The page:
MADD also says the bill makes sense, because it estimates 50 percent of the 30,000 Floridians with more than four DUI convictions drive anyway.

    However, Fasano says you don’t change the law because people are breaking it. He says that is like telling illegal immigrants they are going to get a driver’s license, because they are driving around without one and breaking the law.

    Mike Deeson, 10 Connects

  52. Frank V
    Frank V says:

    I agree with State Senator Mike Fasasono. Why the hell would the legislature change the law so people who are breaking the law will no longer be breaking the law???

    Oh yeah, that’s right – because the family of a man with 4 DUI convictions hired a Tallahassee lobbyist to change the law so the man can get his license and drive again. Talk about special interests!!!

    If this fact alone does not motivate you enough to call and email Governor Charlies Crist to veto HB 971 and to get all your friends and family to do the same then I don’t know what will. Let’s protect our families the way this drunks family is trying to protect him by calling Governor Charlie Crist and urging him to veto HB 971:

    Phone #: (850) 488-7146

  53. Lyle
    Lyle says:

    “Fasano points out this bill is helping people who violated that privilege not once, not twice, not three times, but four times. ”

    Oh, no, no, no, no, no.

    This is helping people who were CAUGHT four times. No, wait a sec, this is helping people who went to court and were actually convicted four times! They must have got caught more than than that, and they must have violated the law hundreds of times. To get all the way to four convictions, you must be driving drunk almost every single day.

  54. Jerry Smith
    Jerry Smith says:

    I strongly vote yes for the HB 971 bill. Alot of convicted dui offenders have seen the bitter harsh actions of driving drunk. Also I know alot of convicted dui 4th time offenders that totaly quit drinking all togeather and some has been sobor for at least 15 years.. myself I’ve been sobor for 8 years now, I never killed any one nor hit any body.- thank god! So instead of voting against dui offenders, give people like myself that last chance. I’m ashamed of my pass I never had parents who were stright. So I grew up with alcohol, it took me 40 years and 3 years of it spent in prison. I took Tier 1 to Tier 4 programs was when I finally under stood my issues…. God Bless you all.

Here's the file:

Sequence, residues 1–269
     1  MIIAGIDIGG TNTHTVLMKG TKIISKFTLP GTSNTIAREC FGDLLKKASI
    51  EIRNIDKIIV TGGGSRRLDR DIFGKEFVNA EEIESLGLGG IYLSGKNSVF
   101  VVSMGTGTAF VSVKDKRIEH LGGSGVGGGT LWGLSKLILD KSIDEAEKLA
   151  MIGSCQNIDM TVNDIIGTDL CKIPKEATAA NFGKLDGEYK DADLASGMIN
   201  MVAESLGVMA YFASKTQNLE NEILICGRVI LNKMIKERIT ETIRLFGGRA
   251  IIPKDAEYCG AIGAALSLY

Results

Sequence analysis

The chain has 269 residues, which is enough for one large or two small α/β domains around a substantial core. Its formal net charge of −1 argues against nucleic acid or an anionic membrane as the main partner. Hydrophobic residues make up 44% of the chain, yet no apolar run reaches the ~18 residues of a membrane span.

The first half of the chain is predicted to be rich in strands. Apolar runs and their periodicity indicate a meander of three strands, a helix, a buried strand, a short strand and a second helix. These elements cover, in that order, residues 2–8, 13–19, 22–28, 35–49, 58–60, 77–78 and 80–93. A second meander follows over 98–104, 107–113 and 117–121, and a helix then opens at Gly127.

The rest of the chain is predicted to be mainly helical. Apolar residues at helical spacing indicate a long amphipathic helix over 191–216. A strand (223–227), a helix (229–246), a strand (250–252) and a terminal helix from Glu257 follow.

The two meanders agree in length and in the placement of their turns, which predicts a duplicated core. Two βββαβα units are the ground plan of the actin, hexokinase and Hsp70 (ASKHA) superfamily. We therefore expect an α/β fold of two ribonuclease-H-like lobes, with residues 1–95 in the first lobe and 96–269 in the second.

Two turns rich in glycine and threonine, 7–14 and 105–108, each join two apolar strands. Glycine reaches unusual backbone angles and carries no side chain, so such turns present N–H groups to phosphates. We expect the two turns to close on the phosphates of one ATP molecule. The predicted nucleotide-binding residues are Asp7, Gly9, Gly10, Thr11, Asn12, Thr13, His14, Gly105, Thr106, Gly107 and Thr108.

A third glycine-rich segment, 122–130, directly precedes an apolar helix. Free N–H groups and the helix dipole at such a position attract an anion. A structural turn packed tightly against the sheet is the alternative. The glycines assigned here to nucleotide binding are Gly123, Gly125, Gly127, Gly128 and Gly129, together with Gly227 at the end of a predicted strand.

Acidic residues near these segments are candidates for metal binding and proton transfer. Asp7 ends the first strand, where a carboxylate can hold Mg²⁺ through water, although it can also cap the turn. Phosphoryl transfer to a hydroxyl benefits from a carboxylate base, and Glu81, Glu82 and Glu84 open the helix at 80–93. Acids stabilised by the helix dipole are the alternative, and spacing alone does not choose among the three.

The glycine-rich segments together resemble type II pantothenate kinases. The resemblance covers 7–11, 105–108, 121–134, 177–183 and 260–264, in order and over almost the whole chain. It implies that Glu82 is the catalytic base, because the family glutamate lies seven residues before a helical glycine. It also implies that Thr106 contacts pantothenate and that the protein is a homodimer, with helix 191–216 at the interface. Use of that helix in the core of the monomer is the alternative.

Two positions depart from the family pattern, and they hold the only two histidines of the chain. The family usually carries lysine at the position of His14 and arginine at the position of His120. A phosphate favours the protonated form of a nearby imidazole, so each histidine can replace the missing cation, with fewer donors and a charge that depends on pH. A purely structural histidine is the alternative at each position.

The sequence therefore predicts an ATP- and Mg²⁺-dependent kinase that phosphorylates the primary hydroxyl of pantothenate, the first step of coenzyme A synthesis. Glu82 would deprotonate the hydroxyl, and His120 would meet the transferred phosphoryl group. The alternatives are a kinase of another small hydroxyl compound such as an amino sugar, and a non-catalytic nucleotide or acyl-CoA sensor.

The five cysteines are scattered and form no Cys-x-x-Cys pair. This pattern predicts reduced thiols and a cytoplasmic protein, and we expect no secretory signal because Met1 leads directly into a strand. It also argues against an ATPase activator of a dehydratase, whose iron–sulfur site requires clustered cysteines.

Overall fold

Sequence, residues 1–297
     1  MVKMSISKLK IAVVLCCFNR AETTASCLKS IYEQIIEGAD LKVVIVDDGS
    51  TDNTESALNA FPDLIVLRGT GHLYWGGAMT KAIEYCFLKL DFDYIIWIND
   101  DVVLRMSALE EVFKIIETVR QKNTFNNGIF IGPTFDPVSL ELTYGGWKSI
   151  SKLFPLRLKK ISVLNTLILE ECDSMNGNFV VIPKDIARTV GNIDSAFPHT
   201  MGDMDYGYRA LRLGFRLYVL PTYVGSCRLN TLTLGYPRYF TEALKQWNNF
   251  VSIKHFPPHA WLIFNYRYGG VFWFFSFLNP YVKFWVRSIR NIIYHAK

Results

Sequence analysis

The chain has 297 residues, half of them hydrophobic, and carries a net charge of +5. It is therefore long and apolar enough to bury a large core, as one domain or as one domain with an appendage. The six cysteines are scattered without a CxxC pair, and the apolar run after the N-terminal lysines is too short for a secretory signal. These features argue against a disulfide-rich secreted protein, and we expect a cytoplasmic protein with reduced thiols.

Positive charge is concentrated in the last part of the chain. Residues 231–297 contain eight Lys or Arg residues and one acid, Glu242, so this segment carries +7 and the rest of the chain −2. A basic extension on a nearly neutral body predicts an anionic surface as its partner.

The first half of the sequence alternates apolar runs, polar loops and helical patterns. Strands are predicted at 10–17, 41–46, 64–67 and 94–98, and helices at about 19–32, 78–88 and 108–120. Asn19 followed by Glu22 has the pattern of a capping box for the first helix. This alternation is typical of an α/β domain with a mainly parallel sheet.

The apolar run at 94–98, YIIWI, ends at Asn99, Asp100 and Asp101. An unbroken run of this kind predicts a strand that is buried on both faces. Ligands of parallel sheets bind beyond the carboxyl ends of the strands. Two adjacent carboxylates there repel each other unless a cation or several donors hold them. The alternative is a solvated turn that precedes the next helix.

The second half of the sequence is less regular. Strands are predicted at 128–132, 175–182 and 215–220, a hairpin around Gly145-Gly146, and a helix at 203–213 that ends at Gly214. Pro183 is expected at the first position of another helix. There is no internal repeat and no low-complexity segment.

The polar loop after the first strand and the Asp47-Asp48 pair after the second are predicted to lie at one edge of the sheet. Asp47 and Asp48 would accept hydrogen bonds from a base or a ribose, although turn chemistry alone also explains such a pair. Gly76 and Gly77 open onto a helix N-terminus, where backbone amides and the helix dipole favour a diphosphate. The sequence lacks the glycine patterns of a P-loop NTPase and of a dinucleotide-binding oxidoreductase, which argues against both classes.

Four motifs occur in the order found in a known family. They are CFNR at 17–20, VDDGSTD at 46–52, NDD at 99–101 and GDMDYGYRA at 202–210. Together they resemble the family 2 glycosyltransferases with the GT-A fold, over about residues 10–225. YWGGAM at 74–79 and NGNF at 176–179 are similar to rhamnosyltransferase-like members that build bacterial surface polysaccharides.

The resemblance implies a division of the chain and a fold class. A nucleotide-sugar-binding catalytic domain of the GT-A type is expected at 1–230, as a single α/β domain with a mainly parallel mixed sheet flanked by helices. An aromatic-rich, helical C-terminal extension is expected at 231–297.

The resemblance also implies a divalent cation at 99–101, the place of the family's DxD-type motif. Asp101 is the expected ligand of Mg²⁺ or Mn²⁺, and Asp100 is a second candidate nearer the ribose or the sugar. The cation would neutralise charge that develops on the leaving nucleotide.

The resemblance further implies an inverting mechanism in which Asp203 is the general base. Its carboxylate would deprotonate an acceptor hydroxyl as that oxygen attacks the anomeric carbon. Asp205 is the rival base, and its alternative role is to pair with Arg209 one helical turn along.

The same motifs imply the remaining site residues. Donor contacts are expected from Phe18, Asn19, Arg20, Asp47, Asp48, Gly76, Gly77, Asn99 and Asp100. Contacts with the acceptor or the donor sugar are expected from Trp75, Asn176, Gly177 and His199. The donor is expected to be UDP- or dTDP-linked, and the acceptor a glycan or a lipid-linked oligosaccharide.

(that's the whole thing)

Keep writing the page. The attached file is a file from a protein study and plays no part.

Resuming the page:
55. James
    James says:

    I have 4 DUI convictions. the last one is from 1993.

    I have served my time in jail- completed all the programs- and been clean and sober for over 16 years now. I would say- from someone who has been there – that harsher penalties for the 1st dui would be more effective, as my jail and programs are what made me see the light- That and the Grace of God. But I am now at 51 years old and quite frankly, with the economy and the bus/transpoptation system I am afraid that I will not be able to support myself if I cannot get the opportunity to drive ever again. The breathalyzer on ignition is fine with me- i do not drink, but life is a long tiume and I am not the same person I was 16 years ago. For anyone out there that thinks it is easy in FL to get around without driving- I say – try oit- I feel I am putting my very life in danger at some of the busstops I have to wait at- people try to pick me up and sell me drugs- I am old now and the young scare me. I realize I put myself here— but I am scared and unsafe walking and waiting for the bus.

    • Will
      Will says:

      I have no sympathy. Did you really come to a bicycle advocacy website to convince us your life is too hard to live without a car?

Trackbacks & Pingbacks

  1. […] Call Governor Crist […]

  2. […] cyclists but pedestrians and other road users (including motorists!). Take a look at their site to read more of the details. On the Commute Orlando site is information to contact Gov. Charlie Crist about this proposed bill […]

  3. […] Twitter, the blogosphere are up in arms about Florida State House Bill 971, the “Highway Safety and Motor Vehicle […]

  4. […] Central Florida friends at have made us aware of a little-known fact that could mean big changes to bike lane use in Florida. Unbeknownst to […]

  5. […] Central Florida friends at have made us aware of a little-known fact that could mean big changes to bike lane use in Florida. Unbeknownst to […]

  6. […] Read the details here, and good luck Florida. […]